The probe focused on why HBoS was granted “going concern” status in 2007, a year before it had to be bailed out following the financial crash.
The accountancy watchdog has today concluded that there is not a realistic prospect that a tribunal would make an adverse finding against KPMG.
A previous Parliamentary Commission on Banking Standards report revealed that HBoS was carrying £47bn of losses when it was bailed out, despite being given a clean bill of health by KMPG.
Prior to the taxpayer rescue, the final divisional losses for HBoS’s corporate business totalled £25bn, despite KPMG clearing the management’s decision to set aside just £370m in provisions.
The FRC came under renewed pressure to investigate the firm last year. The Treasury Select Committee – and its chair at the time Andrew Tyrie MP – took the view the audit process was central to the bank’s failings.
KPMG has firmly denied any wrongdoing throughout the process.
In early 2008 HBOS concluded that its financial statements for the year ended 31 December 2007 should be prepared on a “going concern” basis, said the FRC today.
“HBOS did not expect market conditions to worsen and judged that it would be able to fund itself. The auditor considered and accepted this conclusion. HBOS published its audited financial statements in February 2008 on that basis. The evidence of market conditions at that time did not show this decision of HBOS or the auditor’s assessment of it to be unreasonable at the time.”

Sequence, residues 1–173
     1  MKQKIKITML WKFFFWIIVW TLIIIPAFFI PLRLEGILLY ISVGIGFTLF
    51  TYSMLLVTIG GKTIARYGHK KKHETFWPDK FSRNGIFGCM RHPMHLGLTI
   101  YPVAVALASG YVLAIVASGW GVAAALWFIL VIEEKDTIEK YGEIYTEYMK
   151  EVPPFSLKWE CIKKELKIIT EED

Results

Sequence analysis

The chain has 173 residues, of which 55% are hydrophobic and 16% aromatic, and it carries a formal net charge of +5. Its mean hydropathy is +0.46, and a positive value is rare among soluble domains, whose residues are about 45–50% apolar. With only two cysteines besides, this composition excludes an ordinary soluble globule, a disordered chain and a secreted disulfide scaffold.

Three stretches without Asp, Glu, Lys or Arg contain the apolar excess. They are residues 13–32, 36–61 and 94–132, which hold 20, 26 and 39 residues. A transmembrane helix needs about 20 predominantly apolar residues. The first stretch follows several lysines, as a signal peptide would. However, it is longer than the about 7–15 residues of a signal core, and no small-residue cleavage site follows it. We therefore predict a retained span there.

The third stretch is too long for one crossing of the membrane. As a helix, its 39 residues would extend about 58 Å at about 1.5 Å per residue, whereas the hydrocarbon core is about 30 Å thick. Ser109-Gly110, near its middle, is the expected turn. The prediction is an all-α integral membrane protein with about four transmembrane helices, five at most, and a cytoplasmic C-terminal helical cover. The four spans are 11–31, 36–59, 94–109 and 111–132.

It added that the extreme funding conditions, which arose in October 2008, were not anticipated.
A spokesperson for KPMG said the firm was “pleased” with the conclusion of the investigation.
“We have always maintained that our audit was robust and undertaken in accordance with the regulations and practice of the time.”
The firm added, “The collapse of HBoS and other examples of corporate failure and fraud in the last decade have highlighted a gap between what society expects of an audit and what an audit has been designed to do. Since 2008, while we recognise that there is more to be done, we have worked hard to contribute positively to this debate and have explored ways to close the expectation gap, for example, by offering extended audit opinions which give a view on corporate risks.”